Fexofenadine also exhibits no anticholinergic, antidopaminergic, alpha 1-adrenergic, or beta-adrenergic receptor-blocking effects.[5]

Pharmacokinetics

Interactions

Taking erythromycin or ketoconazole while taking fexofenadine does increase the plasma levels of fexofenadine, but this increase does not influence the QT interval. The reason for this effect is likely due to transport-related effects, specifically involving p-glycoprotein (p-gp).[5] Both erythromycin and ketoconazole are inhibitors of p-gp, a transporter protein involved in preventing the intestinal absorption of fexofenadine. When p-gp is inhibited, fexofenadine may be better absorbed by the body, increasing its plasma concentration by more than intended.[citation needed]

Fexofenadine is not to be taken with apple, orange, or grapefruit juice because they could decrease absorption of the drug. Therefore, it should be taken with water.[5] Grapefruit juice can significantly reduce the plasma concentration of fexofenadine.[27]

Antacids containing aluminum or magnesium should not be taken within 15 minutes of fexofenadine, as they reduce its absorption by almost 50%.[5] This is not thought to be due to a change in pH (in fact, absorption can actually increase under increasingly alkaline pH), but rather due to the formation of metal complexes with charged/polar moieties on fexofenadine. As suggested by Shehnaza et al (2014), various sites of the molecule are thought to be responsible for this interaction, including the piperidine nitrogen, the carboxylic acid (-COOH) group, and both hydroxyl (-OH) groups.[28]

History

The older antihistaminic agent terfenadine was found to metabolize into the related carboxylic acid, fexofenadine. Fexofenadine was found to retain all of the biological activity of its parent, while giving fewer adverse reactions in patients, so terfenadine was replaced in the market by its metabolite.[29] Fexofenadine was originally synthesized in 1993 by Massachusetts-based biotechnology company Sepracor, which then sold the development rights to Hoechst Marion Roussel (now part of Sanofi-Aventis), and was later approved by the U.S. Food and Drug Administration (FDA) in 1996. Albany Molecular Research Inc. (AMRI) holds the patents to the intermediates and production of fexofenadine HCl, along with Roussel. Since that time, it has achieved blockbuster drug status with global sales of US$1.87B in 2004 (with $1.49B coming from the United States). AMRI received royalty payments from Aventis that enabled the growth of AMRI.[citation needed]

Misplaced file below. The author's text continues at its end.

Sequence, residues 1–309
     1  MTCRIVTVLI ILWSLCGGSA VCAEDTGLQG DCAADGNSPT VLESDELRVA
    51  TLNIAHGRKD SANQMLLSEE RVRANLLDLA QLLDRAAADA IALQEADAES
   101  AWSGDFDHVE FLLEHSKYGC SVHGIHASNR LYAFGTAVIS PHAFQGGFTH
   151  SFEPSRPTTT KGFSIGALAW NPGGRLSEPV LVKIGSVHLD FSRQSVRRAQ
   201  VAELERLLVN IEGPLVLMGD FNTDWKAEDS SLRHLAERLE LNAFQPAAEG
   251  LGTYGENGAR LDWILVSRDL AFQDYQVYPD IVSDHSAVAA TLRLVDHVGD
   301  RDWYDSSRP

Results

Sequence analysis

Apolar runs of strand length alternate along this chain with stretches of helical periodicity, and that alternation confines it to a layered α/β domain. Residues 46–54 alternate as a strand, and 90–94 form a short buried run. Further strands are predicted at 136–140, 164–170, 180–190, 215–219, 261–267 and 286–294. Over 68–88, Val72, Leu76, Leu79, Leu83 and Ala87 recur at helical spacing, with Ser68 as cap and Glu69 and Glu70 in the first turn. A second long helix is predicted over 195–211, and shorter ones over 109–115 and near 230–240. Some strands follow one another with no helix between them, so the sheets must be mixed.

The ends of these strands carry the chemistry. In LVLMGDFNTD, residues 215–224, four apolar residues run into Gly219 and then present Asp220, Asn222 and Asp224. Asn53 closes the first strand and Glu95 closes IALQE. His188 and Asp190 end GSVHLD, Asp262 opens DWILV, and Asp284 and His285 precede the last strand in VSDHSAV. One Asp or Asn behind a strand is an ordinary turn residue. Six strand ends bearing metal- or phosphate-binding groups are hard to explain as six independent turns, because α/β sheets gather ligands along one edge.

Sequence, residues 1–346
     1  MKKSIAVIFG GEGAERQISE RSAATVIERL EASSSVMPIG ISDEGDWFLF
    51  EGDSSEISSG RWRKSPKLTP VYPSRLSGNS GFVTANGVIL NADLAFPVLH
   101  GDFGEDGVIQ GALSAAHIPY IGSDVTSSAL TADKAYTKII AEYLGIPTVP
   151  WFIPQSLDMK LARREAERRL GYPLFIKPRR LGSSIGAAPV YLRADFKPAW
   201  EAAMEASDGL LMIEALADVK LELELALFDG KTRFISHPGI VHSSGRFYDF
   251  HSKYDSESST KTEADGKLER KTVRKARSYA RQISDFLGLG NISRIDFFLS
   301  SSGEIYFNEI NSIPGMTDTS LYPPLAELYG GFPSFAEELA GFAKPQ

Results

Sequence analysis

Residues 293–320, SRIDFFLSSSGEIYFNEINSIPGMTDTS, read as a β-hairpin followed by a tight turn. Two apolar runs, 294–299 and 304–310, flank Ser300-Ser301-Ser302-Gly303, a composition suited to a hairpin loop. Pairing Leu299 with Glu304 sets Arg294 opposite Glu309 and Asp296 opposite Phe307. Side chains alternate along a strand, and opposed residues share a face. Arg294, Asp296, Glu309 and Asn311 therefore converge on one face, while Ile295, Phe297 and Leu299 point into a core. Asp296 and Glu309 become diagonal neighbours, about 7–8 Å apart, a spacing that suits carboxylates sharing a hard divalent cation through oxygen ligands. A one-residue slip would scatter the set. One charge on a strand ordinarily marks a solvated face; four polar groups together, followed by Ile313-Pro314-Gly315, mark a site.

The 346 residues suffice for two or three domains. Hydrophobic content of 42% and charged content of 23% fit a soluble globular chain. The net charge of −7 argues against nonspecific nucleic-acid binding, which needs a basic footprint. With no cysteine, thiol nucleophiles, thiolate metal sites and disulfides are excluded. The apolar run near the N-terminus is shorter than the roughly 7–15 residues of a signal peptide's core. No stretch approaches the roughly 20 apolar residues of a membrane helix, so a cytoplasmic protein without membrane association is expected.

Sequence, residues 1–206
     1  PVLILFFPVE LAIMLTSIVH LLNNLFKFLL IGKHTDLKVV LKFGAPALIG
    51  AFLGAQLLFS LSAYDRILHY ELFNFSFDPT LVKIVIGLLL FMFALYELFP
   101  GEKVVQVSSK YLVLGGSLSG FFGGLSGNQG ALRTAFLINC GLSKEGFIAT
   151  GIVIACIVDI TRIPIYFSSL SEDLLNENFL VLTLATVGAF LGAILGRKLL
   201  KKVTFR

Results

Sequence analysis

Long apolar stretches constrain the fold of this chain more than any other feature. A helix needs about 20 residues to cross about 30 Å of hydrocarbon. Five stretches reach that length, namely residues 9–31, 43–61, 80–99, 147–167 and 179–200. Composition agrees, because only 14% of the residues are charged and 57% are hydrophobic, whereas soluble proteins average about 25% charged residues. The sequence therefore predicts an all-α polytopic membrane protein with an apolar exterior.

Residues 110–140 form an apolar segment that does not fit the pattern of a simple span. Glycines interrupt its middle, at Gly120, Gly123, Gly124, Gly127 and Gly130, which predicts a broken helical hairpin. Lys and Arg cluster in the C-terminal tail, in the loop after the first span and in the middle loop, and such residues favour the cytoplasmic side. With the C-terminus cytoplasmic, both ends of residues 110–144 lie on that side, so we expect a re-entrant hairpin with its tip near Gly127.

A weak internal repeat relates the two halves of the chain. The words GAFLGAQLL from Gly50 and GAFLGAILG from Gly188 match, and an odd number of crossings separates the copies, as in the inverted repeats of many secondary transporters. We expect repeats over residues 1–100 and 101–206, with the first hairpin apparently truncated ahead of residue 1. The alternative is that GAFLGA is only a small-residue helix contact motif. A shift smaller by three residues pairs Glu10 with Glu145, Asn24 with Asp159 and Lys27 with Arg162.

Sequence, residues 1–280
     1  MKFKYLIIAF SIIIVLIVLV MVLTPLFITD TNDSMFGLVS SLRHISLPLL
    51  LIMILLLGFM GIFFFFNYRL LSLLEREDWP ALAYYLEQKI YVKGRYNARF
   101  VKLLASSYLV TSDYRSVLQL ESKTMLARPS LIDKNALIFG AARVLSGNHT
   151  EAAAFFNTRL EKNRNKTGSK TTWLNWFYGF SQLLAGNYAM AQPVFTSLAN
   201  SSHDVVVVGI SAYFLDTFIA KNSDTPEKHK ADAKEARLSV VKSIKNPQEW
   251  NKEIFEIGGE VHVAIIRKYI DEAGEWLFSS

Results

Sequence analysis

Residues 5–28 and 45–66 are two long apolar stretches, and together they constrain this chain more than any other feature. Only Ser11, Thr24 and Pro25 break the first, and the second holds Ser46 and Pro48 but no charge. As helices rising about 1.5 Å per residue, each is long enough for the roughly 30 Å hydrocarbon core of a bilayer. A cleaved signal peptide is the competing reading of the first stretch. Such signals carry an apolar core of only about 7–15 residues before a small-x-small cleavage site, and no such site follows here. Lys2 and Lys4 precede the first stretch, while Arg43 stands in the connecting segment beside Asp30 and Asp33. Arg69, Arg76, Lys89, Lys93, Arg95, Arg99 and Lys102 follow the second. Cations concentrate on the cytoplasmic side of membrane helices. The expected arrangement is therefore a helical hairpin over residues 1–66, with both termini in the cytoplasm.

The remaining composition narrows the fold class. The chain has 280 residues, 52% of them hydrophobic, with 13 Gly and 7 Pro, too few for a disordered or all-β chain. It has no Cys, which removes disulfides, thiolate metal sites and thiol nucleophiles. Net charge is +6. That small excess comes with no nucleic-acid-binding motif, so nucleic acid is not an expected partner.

In January 2011, the FDA approved over-the-counter sales of fexofenadine in the United States, and Sanofi Aventis' version became available in March 2011.[30]

Society and culture

Brand names

Fexofenadine is marketed under many brand names worldwide as of January 2017, including: Agimfast, Alafree, Alanil, Alercas, Alerfedine, Alerix, Alertam, Alexia, Allegix, Allegra, Allegratab, Allemax, Allerfast, Allerfen, Allerfexo, Allergo, Allergyna, Allerphast, Allevia, Alrin, Alterfast, Aller-Fex, Altifex, Altiva, Aspen, Axodin, Axofen, BiXin, Bosnum, Dinafex, Elwigra, Ewofex, Fastel, Fastofen, Fastway, Fe Min, Feksine, Fenadex, Fenadin, Fenafex, Fenax, Fenofex, Fentradol, Fesler, Fexadyne, Fexal, Fexalar, Fexallegra, Fexaway, Fexet, Fexgen, Fexidine, Fexigra, Fexine, Fexo, Fexodane, Fexodine, Fexodis, Fexofast, Fexofen, Fexofenaderm, Fexofenadin, Fexofenadina, Fexofenadine, Fexofénadine, Fexofep, Fexofin, Fexogen, Fexomin, Fexon, Fexona, Fexonadinea, Fexoquit, Fexoral, Fexoril, Fexostad, Fexotine, Fexovid, Fixal, Fixit, Fixodin, Flexofen, Foxin, Fynadin, Glodas, Hasalfast, Histafree, Imexofen, Kofixir, Lai Duo Fei, Mayfex, Min Jie, Nefoxef, Neofex, Nolargy, Nosedex, Odafen, Oregra, Radifex, Raltiva, Rapido, Rhinogan, Ridrinal, Rinofen, Rinolast, Ritch, Rui Fei, Sailexi, Tefodine, Telfadin, Telfast, Telfastin, Telfexo, Tellerge, Terfemax, Ternafast, Tocimat, Tofexo, Torfast, Treathay, Vifas, Vifasesh, X-Dine, Xergic, and Zefeksal.[10]

As of January 2017, it is marketed as a combination drug with pseudoephedrine under brand names including: Alerfedine D, Allegra-D, Allergyna-D, Altiva-D, Dellegra, Fexo Plus, Fexofed, Fixal Plus, Ridrinal D, Rinolast D, and Telfast D.[10]

As of January 2017, it is marketed as a combination drug with montelukast under brand names including Fexokast, Histakind-M, Monten-FX, Montolife-FX, Montair-FX and Novamont-FX.[10]

References